Organic traffic can propel a business upwards but what Google giveth it can taketh away. If Google were to replace all search results with ML-driven answers tomorrow, a whole list of companies would go out of business in a heartbeat, especially those dealing with:

  • Travel
  • Real estate
  • Insurance
  • Medical questions
  • Affiliates (especially finance & ecommerce)
  • Ecommerce
  • Publishers

The list is long. The reality is that many companies benefit from organic search . It has no direct cost but brings in customers at scale. And yet, Google can destroy organic traffic for an industry in a heartbeat by showing answers and results directly instead of sending users to websites.

Flight and hotel search companies suffer significantly under Google’s SERP Features. Enlarged image carousels compete with Pinterest. Local reviews from Google Maps are making life harder for Yelp & Co. Weather sites, dictionaries, translation services or stock price sites are long dead. Car rental and car purchases might be next. [2]

What can companies do? Besides partnering with Google when the time comes, building a strong moat by collecting emails, driving more direct/returning traffic, and funneling users into native apps seem to be the best ways to go. Resting on organic traffic without diversifying is Russian Business Roulette. Pulling users into environments you can control is a steel helmet.

#5 Technical limitations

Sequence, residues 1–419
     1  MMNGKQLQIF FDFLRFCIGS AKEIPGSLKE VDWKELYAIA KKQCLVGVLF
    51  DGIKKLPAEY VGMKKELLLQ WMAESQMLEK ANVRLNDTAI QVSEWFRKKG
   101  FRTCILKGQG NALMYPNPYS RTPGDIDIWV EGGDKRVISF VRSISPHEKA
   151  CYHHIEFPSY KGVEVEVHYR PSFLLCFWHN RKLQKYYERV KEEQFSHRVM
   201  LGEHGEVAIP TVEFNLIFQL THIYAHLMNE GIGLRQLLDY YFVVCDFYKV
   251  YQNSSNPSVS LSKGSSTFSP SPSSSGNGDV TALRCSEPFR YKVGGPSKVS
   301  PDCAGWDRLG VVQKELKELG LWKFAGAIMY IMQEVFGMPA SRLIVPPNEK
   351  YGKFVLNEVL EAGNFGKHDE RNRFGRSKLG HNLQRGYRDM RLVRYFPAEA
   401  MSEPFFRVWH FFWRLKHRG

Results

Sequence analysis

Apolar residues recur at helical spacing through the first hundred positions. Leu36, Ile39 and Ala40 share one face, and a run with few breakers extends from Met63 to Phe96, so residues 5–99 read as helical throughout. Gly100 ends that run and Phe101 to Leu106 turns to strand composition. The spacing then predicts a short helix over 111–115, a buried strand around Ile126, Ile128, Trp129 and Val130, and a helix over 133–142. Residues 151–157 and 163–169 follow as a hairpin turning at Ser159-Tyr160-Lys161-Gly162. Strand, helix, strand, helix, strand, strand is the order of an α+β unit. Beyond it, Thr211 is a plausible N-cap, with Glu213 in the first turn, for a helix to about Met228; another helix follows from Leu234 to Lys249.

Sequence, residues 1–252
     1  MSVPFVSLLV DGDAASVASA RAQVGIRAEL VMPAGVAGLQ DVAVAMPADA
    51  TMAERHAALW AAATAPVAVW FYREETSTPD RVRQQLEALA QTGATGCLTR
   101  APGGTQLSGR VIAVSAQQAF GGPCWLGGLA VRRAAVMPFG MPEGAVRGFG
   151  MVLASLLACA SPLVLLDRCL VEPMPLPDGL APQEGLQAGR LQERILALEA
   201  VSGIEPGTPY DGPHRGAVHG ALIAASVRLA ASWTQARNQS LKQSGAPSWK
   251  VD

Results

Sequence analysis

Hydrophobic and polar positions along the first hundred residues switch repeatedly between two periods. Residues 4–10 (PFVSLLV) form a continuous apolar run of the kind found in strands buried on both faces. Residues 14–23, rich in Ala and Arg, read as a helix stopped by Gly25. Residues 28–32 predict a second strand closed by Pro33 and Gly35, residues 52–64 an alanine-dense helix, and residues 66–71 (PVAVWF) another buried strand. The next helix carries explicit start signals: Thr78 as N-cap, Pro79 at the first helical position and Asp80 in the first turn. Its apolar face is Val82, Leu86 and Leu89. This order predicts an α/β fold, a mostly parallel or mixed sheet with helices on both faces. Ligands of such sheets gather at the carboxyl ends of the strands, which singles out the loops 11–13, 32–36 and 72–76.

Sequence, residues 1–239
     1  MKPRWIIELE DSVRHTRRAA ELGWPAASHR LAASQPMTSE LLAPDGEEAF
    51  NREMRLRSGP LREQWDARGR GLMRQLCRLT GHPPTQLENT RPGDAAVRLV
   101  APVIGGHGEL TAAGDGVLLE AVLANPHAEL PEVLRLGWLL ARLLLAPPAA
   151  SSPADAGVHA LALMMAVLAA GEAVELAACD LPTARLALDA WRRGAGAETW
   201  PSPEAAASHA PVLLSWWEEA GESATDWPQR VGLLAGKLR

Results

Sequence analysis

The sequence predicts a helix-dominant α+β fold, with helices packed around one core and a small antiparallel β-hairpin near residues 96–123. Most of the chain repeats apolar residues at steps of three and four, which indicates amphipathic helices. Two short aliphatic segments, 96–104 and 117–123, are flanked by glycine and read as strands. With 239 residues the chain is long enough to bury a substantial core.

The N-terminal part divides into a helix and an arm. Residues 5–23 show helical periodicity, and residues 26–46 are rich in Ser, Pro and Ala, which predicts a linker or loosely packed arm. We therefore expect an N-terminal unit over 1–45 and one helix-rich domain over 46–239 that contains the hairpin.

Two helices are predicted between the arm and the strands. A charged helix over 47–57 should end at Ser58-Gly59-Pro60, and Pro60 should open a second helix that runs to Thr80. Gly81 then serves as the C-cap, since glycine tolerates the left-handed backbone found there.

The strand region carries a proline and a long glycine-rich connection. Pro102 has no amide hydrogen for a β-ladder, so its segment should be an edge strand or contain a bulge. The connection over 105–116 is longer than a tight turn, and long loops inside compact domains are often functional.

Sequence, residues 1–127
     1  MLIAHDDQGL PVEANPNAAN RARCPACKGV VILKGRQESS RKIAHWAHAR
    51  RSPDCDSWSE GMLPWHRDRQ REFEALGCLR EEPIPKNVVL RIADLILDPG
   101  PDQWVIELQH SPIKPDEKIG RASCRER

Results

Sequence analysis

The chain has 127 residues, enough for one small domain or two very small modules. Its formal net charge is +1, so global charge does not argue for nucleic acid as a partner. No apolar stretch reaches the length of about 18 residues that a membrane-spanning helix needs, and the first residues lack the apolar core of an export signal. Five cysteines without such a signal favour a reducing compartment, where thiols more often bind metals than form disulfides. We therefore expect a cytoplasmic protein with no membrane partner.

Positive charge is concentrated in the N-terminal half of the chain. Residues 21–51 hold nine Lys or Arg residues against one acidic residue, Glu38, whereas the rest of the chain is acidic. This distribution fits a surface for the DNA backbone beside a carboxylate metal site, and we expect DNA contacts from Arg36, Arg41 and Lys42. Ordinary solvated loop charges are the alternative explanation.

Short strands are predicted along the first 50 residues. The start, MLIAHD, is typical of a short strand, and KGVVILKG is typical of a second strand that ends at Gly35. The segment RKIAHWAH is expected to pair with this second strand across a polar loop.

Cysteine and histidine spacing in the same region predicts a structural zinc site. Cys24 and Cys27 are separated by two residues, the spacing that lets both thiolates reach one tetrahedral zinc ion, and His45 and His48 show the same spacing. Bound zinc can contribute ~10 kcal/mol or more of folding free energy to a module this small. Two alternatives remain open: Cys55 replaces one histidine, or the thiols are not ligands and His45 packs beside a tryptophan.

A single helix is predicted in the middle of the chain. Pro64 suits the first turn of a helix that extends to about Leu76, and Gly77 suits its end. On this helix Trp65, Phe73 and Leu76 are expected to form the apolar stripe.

Lastly, every SEO's favorite: technical limitations. SEOs can only run as fast as the CMS allows. If you edit page templates your impact is the one of a dentist that can only treat front teeth.

We're in 2022 and there are workarounds like using Cloudflare or Semrush PageImprove to bypass your "CMS" and inject changes through the CDN. This workaround might allow you to change almost everything on the site. However, not every company allows SEOs to use solutions that bypass the CMS due to security and control issues.

Many SEOs pivot to focusing more on offsite work but without a good user experience, you can only get so far. The best thing to do in this case is to go back to good opportunity sizing and show the business how much money it's losing.

Bottom line: Not all problems can be solved but you can work around them

SEO has five fundamental core problems:

  1. Competition
  2. Shipping
  3. Reverse engineering
  4. Google’s direct answers
  5. Technical limitations

Every system has limitations (and everything is a system or a system of a system - bear with me). The key is to either work around them or work with them as efficiently as possible. Whenever you face a bottleneck, the best thing you can do is use its capacity as efficiently as possible. In other words, be intentional with your recommendations and diligent with your research.

Another benefit of knowing the fundamental problems in SEO is becoming solution agnostic. When one solution stops working, you can find a new one without getting lost in proxy problems (like budget or strategic buy-in).